Inspiration is a much-discussed part of the creative process. There are two parts to inspiration: all the inputs that feed inspiration and the moment of inspiration itself. While we may not be able to control the flash of inspiration and its timing, we can help lay the groundwork. The key is to expose ourselves and our children to experiences that can inspire us.
A childhood walk in the woods inspired nonfiction writer Melissa Stewart and her writings. Her father asked Melissa and her brother to look carefully. What did they see? Melissa noticed smaller, younger trees surrounded by taller, older trees. She was right; there had been a fire years before, and the young trees had sprouted after the fire. That experience — thanks to her dad — helped Melissa see the narrative in nature and influenced her career path and writings.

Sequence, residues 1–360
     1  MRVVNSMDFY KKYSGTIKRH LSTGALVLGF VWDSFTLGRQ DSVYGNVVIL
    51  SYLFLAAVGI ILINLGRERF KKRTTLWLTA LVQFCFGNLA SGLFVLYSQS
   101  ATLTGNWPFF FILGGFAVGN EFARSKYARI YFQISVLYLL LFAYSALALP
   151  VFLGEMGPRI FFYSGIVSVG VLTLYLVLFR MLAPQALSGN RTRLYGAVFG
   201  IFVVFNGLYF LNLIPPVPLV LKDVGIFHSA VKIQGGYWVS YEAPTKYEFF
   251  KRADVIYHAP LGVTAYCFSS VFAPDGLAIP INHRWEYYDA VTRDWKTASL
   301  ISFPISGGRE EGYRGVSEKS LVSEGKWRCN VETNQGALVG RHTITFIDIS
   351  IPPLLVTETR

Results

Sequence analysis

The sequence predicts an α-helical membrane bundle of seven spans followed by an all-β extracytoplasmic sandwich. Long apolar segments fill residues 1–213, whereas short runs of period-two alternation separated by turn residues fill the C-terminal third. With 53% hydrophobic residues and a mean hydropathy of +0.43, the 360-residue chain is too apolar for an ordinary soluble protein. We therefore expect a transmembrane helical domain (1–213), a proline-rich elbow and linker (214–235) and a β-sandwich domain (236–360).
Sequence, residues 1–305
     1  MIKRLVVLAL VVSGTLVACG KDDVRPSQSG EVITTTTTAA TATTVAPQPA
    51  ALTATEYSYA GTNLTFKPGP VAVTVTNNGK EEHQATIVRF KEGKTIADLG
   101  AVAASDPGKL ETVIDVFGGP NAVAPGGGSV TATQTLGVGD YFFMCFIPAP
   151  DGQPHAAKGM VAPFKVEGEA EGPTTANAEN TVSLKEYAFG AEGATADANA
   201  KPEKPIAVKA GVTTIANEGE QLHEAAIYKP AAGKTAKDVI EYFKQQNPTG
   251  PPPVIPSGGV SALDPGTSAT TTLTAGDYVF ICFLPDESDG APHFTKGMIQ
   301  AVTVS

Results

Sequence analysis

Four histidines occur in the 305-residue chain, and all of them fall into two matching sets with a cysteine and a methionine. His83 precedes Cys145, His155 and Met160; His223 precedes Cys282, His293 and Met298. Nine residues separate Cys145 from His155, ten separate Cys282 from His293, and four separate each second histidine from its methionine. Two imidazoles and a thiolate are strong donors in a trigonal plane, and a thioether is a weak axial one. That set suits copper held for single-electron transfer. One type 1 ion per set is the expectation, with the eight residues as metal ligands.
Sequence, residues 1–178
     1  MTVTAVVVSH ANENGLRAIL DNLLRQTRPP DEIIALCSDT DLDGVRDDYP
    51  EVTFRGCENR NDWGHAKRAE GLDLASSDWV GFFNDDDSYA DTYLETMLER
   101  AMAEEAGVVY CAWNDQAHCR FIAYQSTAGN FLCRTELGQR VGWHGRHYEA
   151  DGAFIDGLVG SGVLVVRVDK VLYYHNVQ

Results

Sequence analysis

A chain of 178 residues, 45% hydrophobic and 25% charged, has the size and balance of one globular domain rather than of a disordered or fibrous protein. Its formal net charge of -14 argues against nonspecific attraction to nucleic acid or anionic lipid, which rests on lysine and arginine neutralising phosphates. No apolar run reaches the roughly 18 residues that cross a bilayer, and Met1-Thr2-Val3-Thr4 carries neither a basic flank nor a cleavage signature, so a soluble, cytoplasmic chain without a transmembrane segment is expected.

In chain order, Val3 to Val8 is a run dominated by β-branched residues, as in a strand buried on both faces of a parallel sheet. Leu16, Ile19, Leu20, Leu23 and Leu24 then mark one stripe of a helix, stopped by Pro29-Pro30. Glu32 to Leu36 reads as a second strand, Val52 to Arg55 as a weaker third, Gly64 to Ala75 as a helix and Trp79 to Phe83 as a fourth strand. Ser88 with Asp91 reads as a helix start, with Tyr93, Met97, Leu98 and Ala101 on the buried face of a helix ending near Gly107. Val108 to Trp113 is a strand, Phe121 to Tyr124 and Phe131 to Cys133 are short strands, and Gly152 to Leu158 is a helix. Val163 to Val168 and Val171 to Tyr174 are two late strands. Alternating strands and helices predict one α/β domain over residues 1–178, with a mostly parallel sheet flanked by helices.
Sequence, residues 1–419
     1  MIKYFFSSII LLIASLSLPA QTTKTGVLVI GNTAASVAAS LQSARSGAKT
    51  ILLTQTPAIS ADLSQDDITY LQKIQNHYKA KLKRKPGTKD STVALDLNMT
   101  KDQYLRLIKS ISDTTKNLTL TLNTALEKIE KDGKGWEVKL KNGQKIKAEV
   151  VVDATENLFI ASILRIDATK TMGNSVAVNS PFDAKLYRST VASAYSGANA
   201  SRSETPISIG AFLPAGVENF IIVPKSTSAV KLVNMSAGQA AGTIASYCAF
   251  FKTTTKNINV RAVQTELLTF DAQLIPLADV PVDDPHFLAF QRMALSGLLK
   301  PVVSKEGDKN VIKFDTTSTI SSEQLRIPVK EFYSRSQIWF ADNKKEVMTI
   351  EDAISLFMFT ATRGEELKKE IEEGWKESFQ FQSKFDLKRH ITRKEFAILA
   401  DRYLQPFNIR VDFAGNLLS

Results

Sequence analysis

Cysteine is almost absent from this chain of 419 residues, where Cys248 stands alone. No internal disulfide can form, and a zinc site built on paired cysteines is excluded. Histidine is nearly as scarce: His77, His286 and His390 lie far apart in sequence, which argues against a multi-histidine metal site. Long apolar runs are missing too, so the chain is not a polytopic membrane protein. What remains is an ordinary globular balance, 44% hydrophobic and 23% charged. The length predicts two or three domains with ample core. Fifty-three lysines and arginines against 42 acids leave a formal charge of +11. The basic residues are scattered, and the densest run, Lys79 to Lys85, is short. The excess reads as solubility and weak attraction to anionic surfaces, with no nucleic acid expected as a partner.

While I was at the Society of Children’s Book Writers and Illustrators Conference, my husband texted me at 10:o0 p.m. Sunday evening. Should he wake up Cooper to watch the Curiosity rover land on Mars. Yes! Yes! Yes! When we visited the Jet Propulsion Laboratory months ago, I was struck by how many members of the Mars Science Laboratory team remembered watching the Apollo 11 moon landing on television. They pointed to that experience as the inspiration for their work in space science. That same event, along with the book, THE RIGHT STUFF, inspired my husband to become a test pilot. I knew letting Cooper witness the event might provide him with the inspiration he needs to study Mars or other planets some day.
As a parent, I know we can provide opportunities and experiences that could inspire our children’s career path, creative work, hobbies or interests. As a writer, I know the more knowledge and experiences I have to draw from, the richer my work will be.